About the Journal

Aim and Scope

The aim of the journal is to critically (without ideological bias) evaluate the current achievements in every field of neuropsychiatry, particularly illness course and treatment effectiveness. It is very important to know how a patient could be defined as improved or recovered, how long a treatment has to last, when therapy works and for whom. These are fundamental issues for Clinical Neuropsychiatry.

 

The main goal of the journal is to collect original papers that directly or indirectly influence the effectiveness of a treatment, particularly focused on Evidence Based Medicine and Clinical Practice.

 

Indexed in EMBASE, PsycINFO, SCOPUS.

Policies

Policy Statement

It is the Giovanni Fioriti Editore’s policy to allow authors to re-use their own work as they see fit. Authors do not need seek permission from Giovanni Fioriti Editore to photocopy their own work or include it in whole or in part in other publications. Giovanni Fioriti Editore would only request that all copies and republications of the work carry a notice of copyright and reference to the original publication source.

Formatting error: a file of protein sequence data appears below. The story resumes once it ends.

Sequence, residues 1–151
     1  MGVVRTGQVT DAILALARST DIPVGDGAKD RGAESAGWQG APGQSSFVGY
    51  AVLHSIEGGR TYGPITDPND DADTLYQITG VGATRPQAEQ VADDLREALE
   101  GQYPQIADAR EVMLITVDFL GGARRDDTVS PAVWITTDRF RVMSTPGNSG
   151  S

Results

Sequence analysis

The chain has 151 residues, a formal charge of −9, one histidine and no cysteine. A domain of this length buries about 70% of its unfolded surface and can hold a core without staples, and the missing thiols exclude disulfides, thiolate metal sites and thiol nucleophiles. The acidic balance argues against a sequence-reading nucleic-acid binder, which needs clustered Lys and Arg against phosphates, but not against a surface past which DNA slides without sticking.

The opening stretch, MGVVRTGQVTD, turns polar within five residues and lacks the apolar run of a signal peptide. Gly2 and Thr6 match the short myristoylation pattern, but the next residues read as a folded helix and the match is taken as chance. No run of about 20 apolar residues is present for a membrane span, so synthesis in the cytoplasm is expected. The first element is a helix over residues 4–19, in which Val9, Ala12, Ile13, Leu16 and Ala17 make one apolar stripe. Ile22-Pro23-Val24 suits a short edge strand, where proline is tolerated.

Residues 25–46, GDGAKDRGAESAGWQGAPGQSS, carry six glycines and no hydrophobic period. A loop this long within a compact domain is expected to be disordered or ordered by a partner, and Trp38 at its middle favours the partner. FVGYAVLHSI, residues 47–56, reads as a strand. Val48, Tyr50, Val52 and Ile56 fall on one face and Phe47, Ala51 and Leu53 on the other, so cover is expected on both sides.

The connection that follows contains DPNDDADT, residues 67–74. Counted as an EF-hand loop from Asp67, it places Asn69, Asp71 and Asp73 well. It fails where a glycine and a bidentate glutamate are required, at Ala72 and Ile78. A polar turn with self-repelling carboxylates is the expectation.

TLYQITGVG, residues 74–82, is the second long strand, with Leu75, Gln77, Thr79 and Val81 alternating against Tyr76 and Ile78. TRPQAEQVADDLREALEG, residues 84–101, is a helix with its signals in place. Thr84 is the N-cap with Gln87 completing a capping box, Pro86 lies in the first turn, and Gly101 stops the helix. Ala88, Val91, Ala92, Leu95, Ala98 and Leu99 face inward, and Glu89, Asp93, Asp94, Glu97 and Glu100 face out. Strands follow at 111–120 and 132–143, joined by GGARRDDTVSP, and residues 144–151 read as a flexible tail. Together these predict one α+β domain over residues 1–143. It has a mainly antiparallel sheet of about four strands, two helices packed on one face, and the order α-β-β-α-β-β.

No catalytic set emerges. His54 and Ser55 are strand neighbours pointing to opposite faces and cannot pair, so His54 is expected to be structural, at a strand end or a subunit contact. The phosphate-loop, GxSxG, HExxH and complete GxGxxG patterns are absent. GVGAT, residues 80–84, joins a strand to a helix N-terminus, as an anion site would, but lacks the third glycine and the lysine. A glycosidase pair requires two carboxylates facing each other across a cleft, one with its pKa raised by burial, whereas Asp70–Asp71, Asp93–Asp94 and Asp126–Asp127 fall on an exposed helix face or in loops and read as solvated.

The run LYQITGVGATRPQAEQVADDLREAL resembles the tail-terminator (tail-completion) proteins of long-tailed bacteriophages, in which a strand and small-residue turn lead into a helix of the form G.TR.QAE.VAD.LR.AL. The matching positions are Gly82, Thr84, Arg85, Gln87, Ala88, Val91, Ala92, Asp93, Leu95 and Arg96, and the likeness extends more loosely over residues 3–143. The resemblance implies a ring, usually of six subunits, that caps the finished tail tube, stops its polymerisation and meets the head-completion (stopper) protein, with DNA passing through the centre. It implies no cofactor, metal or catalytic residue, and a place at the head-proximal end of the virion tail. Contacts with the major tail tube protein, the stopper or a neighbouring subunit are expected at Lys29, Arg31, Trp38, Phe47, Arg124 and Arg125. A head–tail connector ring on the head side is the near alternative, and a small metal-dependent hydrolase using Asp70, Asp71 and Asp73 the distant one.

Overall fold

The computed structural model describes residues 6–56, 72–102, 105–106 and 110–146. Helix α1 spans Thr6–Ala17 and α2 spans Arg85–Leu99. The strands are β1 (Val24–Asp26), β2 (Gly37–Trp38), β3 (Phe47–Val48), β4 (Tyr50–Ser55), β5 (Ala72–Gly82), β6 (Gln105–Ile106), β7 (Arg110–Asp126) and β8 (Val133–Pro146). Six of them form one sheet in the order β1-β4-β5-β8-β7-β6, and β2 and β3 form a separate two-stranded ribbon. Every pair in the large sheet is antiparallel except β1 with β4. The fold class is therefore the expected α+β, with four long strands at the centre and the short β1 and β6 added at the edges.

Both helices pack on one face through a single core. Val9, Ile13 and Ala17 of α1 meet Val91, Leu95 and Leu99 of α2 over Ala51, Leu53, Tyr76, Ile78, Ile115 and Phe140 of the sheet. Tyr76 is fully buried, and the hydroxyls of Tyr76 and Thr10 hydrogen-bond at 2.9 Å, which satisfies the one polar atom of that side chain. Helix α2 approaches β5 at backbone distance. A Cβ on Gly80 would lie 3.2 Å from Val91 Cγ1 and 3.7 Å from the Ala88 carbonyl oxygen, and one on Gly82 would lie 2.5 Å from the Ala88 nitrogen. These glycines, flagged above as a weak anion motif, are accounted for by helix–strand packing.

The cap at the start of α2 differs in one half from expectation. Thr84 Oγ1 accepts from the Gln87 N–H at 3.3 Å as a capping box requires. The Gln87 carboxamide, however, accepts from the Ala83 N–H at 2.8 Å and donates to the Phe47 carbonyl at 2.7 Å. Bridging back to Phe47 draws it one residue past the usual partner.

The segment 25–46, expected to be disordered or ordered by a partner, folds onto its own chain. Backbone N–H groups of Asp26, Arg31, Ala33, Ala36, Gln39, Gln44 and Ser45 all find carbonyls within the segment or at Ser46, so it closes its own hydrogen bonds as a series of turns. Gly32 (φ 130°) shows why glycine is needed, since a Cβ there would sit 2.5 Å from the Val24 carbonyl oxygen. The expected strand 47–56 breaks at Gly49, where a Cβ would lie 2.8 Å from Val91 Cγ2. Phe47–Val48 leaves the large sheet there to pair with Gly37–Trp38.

The journal allows the author(s) to hold the copyright without restrictions. Where permission is sought for quotation in whole or in part in a third party’s publication, this will be contingent upon that party seeking the Giovanni Fioriti Editore’s written consent (where Giovanni Fioriti Editore holds the copyright); permission will not be unreasonably withold.

 

All papers in this journal are peer-reviewed. No person is permitted to take any role in the review of a paper in which they have an interest, e.g., fees or grants from, employment by, consultancy for, shared ownership in, any close relationship with, an organisation whose interests, financial or otherwise, may be affected by the publication of the paper.